Helping others common for U of D Jesuit student injured while helping motorist

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On an average day, you might see a couple handfuls of students inside the chapel of the University of Detroit Jesuit High School for the daily mass, but this was no average day.

The 300 or so that showed up on Monday morning came together for a classmate who always put others first -- and now they are here for him.

"I've taught here for six years and the young men here are so caring of each other and loving of each other, and our chapel was full this morning with guys here to pray for him. You just feel a sense of concern -- that's the way our guys are," said Chris Charboneau, the school's music director.

Sean English, a 16-year old junior at the all-boys Catholic school, is in everybody's hearts and on their minds.

Fox 2 was told Sean was with his parents on his way to sing at an annual mother's brunch on Sunday morning, when they spotted an accident in the express lanes of I-96 near the Davison and stopped to help.


Seconds later he would need help, when a second car spun out of control and pinned him.

"This is part and parcel of who he is. This is what he does here. If you talk to any one of his classmates, he's the kinda guy that's always there for you and teachers as well. He's just there when you need him," said Principal Anthony Trudel.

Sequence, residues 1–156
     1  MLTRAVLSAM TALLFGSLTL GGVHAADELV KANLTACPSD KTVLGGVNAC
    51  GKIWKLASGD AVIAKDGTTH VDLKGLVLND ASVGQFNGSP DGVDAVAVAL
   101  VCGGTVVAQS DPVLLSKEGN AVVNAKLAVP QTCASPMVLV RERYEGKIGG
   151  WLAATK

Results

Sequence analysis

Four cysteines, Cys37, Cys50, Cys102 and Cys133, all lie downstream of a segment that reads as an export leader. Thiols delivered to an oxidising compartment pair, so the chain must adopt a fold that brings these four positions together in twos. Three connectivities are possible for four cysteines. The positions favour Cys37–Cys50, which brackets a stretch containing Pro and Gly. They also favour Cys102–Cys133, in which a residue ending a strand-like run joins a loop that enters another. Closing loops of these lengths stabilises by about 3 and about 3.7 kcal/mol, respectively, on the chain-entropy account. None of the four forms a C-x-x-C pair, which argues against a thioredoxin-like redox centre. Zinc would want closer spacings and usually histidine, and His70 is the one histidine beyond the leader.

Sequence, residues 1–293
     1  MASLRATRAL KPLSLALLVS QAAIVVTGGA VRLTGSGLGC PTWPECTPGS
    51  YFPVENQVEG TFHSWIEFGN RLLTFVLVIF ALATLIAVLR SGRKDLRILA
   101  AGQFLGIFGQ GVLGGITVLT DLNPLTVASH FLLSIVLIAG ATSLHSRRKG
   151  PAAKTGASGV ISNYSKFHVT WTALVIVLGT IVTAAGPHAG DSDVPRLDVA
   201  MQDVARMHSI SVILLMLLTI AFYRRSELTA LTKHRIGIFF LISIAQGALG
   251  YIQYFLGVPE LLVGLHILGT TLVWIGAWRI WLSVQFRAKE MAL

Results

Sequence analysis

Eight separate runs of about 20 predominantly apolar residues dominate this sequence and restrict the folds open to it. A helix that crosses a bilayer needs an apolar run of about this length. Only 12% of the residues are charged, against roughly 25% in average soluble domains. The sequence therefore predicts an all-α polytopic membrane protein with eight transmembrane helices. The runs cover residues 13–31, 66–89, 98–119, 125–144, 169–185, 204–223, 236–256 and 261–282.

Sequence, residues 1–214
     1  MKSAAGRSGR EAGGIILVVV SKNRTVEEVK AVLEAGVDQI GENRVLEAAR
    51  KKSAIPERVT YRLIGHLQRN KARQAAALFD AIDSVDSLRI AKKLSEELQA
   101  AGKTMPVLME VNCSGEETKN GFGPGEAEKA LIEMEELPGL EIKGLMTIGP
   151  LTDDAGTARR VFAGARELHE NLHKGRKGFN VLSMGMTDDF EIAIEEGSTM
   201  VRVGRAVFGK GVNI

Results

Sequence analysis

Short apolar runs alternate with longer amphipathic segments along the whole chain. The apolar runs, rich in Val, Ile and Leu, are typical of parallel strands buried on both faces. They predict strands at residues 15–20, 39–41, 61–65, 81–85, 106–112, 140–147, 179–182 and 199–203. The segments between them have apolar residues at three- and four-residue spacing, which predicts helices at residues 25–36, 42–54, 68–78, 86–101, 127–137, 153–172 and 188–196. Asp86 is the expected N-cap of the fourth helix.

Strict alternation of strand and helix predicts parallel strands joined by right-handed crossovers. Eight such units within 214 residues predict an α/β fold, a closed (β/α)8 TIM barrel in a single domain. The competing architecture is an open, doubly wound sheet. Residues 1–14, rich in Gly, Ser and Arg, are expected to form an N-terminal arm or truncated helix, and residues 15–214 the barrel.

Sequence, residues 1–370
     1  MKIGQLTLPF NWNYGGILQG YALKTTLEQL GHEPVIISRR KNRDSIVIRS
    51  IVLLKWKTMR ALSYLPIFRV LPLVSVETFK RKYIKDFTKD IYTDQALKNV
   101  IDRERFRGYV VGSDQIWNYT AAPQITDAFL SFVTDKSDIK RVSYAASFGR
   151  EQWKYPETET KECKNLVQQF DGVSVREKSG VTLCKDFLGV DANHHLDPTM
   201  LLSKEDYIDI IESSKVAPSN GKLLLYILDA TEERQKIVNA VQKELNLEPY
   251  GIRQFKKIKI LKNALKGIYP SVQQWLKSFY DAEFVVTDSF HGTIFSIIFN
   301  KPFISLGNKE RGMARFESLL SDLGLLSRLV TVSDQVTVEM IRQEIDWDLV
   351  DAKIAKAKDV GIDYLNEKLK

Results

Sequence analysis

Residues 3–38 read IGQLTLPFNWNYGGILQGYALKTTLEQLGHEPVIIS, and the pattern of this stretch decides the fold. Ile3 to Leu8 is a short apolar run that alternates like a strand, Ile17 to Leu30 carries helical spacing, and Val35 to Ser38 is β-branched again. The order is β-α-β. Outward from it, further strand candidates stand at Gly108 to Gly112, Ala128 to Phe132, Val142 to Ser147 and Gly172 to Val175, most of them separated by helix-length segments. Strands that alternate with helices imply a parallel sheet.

The impact crushed Sean's pelvis and broke his femur. Doctors placed a steel rod in one leg and had to amputate his foot. The 16-year-old, who is a stand out gradewise in the classroom and athletically on the track, has a long road ahead of him.

"I can't imagine how Sean will feel once he's aware what's going on. His parents, I was so impressed with how grateful they were that their son was still here, and they're going to work hard to help him recover and get back and he will. He's a great, tough kid," Charbonneau said.

Investigators say beer containers were found at the accident scene which leads them to believe the 17 year old who hit Sean may have been drinking. They are still waiting on toxically reports to confirm that.

In the meantime, while students continue to pray for Sean's speedy recovery. educators plan to use what happened to him as a teachable moment.

"It's ironic that this event happens just short of Easter break. Myself and our dean of students, we actually visit all the senior classes, and we go into the classrooms and talk about choices and the choices that you make, and how one moment can make a difference," Trudel said.